This can be very difficult, as the dominant role of major oil producers in the global economy shows. Private oil companies and especially those run by the state can exercise an enormous influence on political decisions, because they can be a kind of state within a state, with a monopoly on power. “We have to break up monopolies like this, particularly given the background of climate change.” As the accumulation of economic power impedes free competition and exercises too much influence, preventing it is an aspect of the fundamental body of thought of the Freiburg School.

“In fact, today it has been empirically proven that economic freedom is restricted in countries with powerful oil elites,” says Krieger. This applies not only to obvious cases such as Russia or the autocracies in the Gulf, but also for Nigeria and Venezuela. Oil elites have no interest in young, innovative companies being able to develop potentially superior alternatives in the field of renewable energy. And naturally they also oppose the imposition of strict climate targets by the state.

International workshop

Against the background of such pressing problems, an international workshop organized by Krieger at the University of Freiburg was dedicated to the question of what modern Ordoliberalism might look like. Themes such as globalization and worldwide migration or the question of ‘Green Ordoliberalism’ would not have occurred to the founders of the Freiburg School in the 1930s. It is important to consider which theoretical and methodical approaches to this could be productive and internationally compatible, says Krieger: “The question of which rules – including informal – really guide a society is extremely topical.” There are for instance points of contact here with institutional economics, as well as with political science and sociology.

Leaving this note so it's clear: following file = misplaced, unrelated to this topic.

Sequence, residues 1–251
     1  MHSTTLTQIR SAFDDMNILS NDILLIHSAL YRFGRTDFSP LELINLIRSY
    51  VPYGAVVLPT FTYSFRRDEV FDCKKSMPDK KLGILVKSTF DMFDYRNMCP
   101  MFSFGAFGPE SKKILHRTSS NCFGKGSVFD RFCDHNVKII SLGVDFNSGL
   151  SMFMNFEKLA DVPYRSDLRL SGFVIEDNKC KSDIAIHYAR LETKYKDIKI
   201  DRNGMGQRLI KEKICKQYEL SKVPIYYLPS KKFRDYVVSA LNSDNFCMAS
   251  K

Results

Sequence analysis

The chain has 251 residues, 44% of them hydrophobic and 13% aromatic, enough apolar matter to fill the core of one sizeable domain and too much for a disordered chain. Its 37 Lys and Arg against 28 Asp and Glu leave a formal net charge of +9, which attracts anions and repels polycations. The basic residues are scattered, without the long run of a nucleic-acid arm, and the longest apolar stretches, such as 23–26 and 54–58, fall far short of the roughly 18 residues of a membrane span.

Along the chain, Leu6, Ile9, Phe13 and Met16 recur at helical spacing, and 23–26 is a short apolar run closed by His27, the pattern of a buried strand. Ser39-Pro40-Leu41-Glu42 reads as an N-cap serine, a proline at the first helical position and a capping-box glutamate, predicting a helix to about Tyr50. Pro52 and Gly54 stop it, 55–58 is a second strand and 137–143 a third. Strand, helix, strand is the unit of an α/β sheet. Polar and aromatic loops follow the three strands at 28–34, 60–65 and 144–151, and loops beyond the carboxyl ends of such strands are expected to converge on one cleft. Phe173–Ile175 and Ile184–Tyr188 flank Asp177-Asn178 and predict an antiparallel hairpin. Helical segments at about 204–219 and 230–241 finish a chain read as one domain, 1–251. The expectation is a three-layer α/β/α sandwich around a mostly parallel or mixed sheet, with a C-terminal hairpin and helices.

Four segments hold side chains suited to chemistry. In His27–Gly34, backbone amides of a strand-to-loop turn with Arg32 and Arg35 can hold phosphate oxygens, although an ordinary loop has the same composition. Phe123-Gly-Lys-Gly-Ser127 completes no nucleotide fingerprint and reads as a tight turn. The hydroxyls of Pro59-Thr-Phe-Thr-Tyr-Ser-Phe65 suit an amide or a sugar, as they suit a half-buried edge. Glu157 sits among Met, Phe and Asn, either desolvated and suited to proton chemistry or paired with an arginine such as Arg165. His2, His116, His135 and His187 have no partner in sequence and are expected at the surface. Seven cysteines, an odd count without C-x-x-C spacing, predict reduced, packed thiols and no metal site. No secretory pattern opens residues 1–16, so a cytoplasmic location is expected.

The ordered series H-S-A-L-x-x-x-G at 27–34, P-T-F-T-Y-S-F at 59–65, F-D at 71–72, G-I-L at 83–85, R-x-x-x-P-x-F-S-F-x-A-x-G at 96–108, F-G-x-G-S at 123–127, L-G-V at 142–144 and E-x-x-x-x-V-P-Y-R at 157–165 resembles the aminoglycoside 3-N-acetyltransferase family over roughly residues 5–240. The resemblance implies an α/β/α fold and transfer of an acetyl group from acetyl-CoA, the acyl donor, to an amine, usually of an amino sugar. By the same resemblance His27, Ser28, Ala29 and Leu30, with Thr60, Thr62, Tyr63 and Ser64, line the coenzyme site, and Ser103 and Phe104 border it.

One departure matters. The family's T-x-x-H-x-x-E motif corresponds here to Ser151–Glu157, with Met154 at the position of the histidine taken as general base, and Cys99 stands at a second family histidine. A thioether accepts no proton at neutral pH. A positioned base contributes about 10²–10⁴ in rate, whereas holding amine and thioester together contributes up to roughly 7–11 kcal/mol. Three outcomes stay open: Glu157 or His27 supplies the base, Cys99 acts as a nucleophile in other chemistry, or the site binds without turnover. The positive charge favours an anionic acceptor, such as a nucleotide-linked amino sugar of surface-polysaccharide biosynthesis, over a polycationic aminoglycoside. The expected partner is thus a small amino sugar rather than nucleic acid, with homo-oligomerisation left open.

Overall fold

A ‘functioning’ and ‘decent’ order

Ordoliberalism should also take a sharper look at its normative roots, says Krieger – even if he does not see eye-to-eye on this point with all his colleagues in the field: “Walter Eucken was not just concerned about a ‘functioning’ order, but also about a ‘decent’ order.” That means not just considering the economy but the whole of society, and for example questioning what an educational system that contributes to offering everyone the same opportunities might look like in a liberal order. “The economy is at the heart of the Ordoliberal approach,” says Krieger, “however, in the end it is fundamentally about a process that leads to an order in which as many people as possible feel at ease and participate in.”